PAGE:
The MTFP was developed in 2020 to counter the unsustainable growth of Omani debts and deficits over the preceding half decade. It has become a race against the clock, as servicing ever-growing external debts is untenable, and growing domestic debts undermine economic development. Minimizing fiscal needs rapidly was, therefore, essential. The MTFP not only promises to reduce the country’s debt burden, but also to strengthen Oman’s appeal as an investment destination and contribute to Vision 2040, the country’s long-term diversification plan. To achieve fiscal balance, the MTFP has two primary approaches: reducing spending and raising revenue, primarily through taxes.

Fuel subsidies have decreased, resulting in almost 50% lower total expenditures on subsidies since 2015, despite slight increases in electricity subsidies since 2014. New tariffs that help low-income households but increase the prices for higher earners were implemented in January 2021. Subsidies for non-vulnerable groups are expected to be removed entirely by 2025. To cut costs in government and state-owned enterprises (SOEs), Oman announced several measures: 1) suspending all bonuses, non-essential training programs, and events; 2) cutting compensation for board members by at least 50%; 3) retiring Omani employees older than 60 in all SOEs and retiring a minimum of 70% of Omanis who served for 30 years or more in all government entities; and 4) not renewing at least 70% of contracts of expatriate advisors.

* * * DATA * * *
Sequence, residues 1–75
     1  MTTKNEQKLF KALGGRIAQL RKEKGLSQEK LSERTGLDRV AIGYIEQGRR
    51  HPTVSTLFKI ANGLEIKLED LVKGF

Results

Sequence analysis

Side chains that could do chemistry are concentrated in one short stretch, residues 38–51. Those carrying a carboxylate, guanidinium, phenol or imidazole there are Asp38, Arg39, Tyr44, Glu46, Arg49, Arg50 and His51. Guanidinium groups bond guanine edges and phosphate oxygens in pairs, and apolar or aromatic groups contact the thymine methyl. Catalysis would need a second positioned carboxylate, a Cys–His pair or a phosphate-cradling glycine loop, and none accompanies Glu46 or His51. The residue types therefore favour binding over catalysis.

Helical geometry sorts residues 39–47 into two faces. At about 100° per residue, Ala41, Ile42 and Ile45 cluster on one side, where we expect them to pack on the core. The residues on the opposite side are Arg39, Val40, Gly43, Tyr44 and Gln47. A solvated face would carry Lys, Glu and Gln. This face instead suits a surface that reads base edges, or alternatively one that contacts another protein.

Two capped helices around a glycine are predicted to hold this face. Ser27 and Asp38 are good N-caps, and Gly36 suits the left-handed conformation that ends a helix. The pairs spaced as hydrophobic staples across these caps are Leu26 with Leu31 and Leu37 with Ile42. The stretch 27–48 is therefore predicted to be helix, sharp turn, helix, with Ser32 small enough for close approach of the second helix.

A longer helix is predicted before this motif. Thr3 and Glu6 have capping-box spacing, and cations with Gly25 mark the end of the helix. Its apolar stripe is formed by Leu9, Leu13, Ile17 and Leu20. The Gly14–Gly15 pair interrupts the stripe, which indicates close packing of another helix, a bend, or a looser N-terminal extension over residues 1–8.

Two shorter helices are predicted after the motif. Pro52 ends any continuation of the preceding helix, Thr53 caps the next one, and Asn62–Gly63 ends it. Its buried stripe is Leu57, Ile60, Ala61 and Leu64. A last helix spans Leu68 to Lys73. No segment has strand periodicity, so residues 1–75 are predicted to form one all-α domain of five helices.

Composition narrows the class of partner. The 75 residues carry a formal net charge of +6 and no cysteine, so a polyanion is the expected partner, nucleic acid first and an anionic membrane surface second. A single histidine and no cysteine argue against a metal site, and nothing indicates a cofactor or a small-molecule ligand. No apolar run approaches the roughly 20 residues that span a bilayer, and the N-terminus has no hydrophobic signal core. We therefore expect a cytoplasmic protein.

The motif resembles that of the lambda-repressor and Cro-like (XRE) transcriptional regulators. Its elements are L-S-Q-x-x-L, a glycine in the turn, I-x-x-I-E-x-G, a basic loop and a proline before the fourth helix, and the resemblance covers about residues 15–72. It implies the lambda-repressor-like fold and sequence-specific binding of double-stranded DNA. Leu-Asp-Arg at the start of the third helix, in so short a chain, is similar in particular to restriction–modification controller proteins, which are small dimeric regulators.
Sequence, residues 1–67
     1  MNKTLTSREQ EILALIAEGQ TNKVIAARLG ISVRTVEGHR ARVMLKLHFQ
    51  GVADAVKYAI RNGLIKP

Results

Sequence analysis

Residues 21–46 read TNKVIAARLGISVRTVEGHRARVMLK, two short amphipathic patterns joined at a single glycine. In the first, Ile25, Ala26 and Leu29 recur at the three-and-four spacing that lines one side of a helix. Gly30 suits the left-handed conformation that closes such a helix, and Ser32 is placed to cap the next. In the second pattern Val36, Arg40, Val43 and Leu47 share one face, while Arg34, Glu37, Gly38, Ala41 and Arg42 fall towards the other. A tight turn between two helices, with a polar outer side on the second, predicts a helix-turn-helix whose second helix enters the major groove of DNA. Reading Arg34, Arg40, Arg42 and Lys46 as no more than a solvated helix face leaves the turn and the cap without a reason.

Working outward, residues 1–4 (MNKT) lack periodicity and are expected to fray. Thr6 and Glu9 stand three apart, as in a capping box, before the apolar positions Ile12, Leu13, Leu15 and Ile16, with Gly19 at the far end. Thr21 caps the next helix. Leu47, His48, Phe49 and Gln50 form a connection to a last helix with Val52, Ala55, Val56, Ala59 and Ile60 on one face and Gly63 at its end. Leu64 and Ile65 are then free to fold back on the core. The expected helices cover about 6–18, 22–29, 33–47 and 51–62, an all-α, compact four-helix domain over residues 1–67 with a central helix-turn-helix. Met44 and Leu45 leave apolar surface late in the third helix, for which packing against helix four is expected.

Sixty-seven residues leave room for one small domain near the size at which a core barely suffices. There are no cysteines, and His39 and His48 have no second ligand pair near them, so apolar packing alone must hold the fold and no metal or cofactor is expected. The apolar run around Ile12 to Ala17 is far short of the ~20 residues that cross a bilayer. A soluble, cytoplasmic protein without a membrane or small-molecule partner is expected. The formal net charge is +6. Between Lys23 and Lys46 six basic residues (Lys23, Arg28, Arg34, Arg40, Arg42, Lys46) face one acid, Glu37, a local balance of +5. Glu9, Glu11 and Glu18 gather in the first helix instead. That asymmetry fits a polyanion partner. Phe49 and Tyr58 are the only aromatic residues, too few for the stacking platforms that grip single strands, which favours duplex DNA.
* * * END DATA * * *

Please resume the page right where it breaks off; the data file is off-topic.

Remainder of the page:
A bundle of new taxes was also introduced. With more than half of Oman’s population being overweight or obese, certain taxes aim to promote healthier lifestyles — a goal made more urgent by COVID-19. Tobacco, tobacco derivatives, energy drinks, and alcohol were slapped with excise taxes of 100%, while carbonated and sweetened drinks faced a 50% tax. A value-added tax (VAT) of 5% was introduced in April 2021, the same level as the UAE but below Saudi Arabia’s 15%.

The lack of greater tax reform likely stems from the government’s desire to avoid “undertaking measures that could have more severe socioeconomic implications,” a euphemistic phrasing of their desire to avoid reigniting protests. As a result, there is no VAT on basic goods, such as certain food items and medical supplies.

The total impact of the MTFP in 2021 is estimated to be RO3.5 billion ($9.09 billion). This includes a revenue increase of RO565 million, with VAT generating RO300 million, government investments RO195 million, and the excise tax and other taxes RO70 million. The remaining RO2.9 billion is the result of cost savings, mostly through cuts in government units (RO1.1 billion), subsidy reforms (RO215 million), and a reduction in oil and gas investments (RO1.3 billion). The final result is a budget deficit of only 3.8% of GDP in 2021, down from 19.3% in 2020, and a reduction in public spending of almost RO2 billion between 2020 and 2021.

"Economic diversification in Oman takes two forms: investment diversification by reducing the role of the state while creating more room for the private sector, and sectoral diversification whereby tourism, logistics, and manufacturing surpass oil and gas as key productive sectors."

Facilitating investment and economic diversification